Last edited by Bluebonnet; 10-25-2012 at 12:21 PM.
I don't get why Tatsuki should be punished for doing something well rather than putting in subpar quad. He already got docked in the BV for attempting less difficult content. His SP was the highlight of the competition for me and in fact in the aftermath of the competition, I've actually watched his program more times on YouTube, even over Yuzuru's amazing one.
And Jeremy did outscore Tatsuki anyway in the BV, TES and overall, despite the bad quad attempt and low spin levels.
Last edited by Mrs. P; 10-25-2012 at 12:56 PM.
People will still do Quads if they were worth less for sloppy execution. One of the problems in 2010 was that the value of the Quad wasn't high enough in relation to everything else. That has been changed. A really good quad will now get you about 12 points, in comparison to only 4 points for a good Double Axel (similarly, for the Short Program, the value of the Quad in comparison to a Triple Flip is also considerably higher than it used to be). The other issue of underrotating a Quad has also been fixed; you don't get ridiculously hammered for it now like you did back then, unless you drastically underrotate it, and THAT was the biggest deterrent to people even trying the Quad during the past Olympic cycle.
Remember, falls and other big mistakes on jumps in the 6.0 judging system meant the jump was worth nothing in the eyes of the judges. And yet, the Quad was of utmost importance back then. People WILL do the Quad if it is worth a lot of points. BAD jumps should not be worth so many points as they currently are, though. Saying otherwise completely flies in the face of how the sport has always been judged and how most everyone WANTS to see it be judged.
Rewarding failures on difficult jumps moves the sport forward because, as others have said, it encourages athletes to perfect these moves through trial and error. I wouldn't mind seeing the ISU recalibrating the penalty for Worlds and Olympic competition to encourage clean skating over risk taking, but I'm happy to see the athletes take this risk during the GP.
Last edited by drivingmissdaisy; 10-25-2012 at 01:52 PM.
For what it's worth Tatsuki DID try a quad in the FS and got full credit for it (though he did fall)...so I don't see it as playing it safe. And he has a fantastic 3A -- nice height and there's no doubt he's going to land that jump. And we all know for some the 3A is more a menace than the quad!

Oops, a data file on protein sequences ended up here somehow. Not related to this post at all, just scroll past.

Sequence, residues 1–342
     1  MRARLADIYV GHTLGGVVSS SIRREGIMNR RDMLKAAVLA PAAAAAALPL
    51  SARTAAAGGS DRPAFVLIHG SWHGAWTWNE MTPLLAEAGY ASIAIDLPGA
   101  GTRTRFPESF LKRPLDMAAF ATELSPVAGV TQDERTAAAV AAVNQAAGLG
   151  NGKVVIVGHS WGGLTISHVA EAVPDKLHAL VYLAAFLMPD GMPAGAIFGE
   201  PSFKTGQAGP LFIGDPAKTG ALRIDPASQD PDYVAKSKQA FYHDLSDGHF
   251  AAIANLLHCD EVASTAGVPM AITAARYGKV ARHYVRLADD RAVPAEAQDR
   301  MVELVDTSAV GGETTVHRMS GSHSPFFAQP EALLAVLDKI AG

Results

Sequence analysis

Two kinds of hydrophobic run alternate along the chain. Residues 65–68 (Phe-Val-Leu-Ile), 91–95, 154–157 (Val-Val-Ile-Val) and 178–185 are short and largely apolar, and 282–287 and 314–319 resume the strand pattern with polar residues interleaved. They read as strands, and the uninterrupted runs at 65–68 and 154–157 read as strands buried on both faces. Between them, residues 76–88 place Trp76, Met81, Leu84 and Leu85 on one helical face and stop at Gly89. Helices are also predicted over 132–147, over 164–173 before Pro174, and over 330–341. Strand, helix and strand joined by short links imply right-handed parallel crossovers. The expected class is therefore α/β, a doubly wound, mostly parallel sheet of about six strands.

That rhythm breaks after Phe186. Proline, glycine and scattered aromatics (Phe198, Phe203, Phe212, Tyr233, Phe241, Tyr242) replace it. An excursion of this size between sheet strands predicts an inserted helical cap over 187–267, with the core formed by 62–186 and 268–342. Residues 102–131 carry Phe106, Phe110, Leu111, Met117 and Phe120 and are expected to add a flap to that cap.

One possible suggestion Mr. P had for the falls issue is perhaps docking the fall in base value.
Doris made an interesting point in the ice dance threads that skaters lose so many points in the BV in the pattern dances for not getting the key points, that they're better of getting the technical component even at the cost of getting more GOE.
I think part of the issue with falls, that relatively speaking falls, which is mainly docked in -GOE and in the overall programm, ranks less poorly than a UR, which gets docked in BV AND GOE. If a fall on quad would be equal to the UR quad in BV + the -GOE, then you are still rewarding the skater for trying it, but you're also sending the message that they're better off staying upright on the jump.
This idea probably has to be fleshed out...but to me it seems logical.
No scoring system should reward "trying." No scoring system should reward taking a risk but failing. (See definition of "risk" ) No scoring system should reward attempting to do something without success.
(That's my story and I'm sticking to it. )
To answer the thread topic it is far too early to make even an early assessment as many skaters havent even been seen yet. However excluding Chan who is not part of the actual "competition" for Worlds, but has already been awarded and coronated the gold medal even if he goes on a trip to Hawaii and chooses to not attend the World Championships, this is who I would rate those fighting for the silver, bronze, and all other postions down at Worlds so far:
1. Takahashi- very solid performances in his only outing so far.
2. Hanyu- will likely recover from his bombing at Skate America. Arguably is likely to beat Takahashi now if both skate well as he is technically stronger.
3. Plushenko- good first outing so will be a factor should he choose to compete at Worlds.
4. Kozuka- very good first outing, but seems to still not have scoring potential of others and requires mistakes from others to be up there.
5. Fernandez- shows potential but still needs major consistency improvements.
All we have to go on so far is last place marks for a bad skate at a cheesefest in Japan, and second place marks for a hot and cold Hanyu at Skate America.
Lets' see what happens as the new season progresses.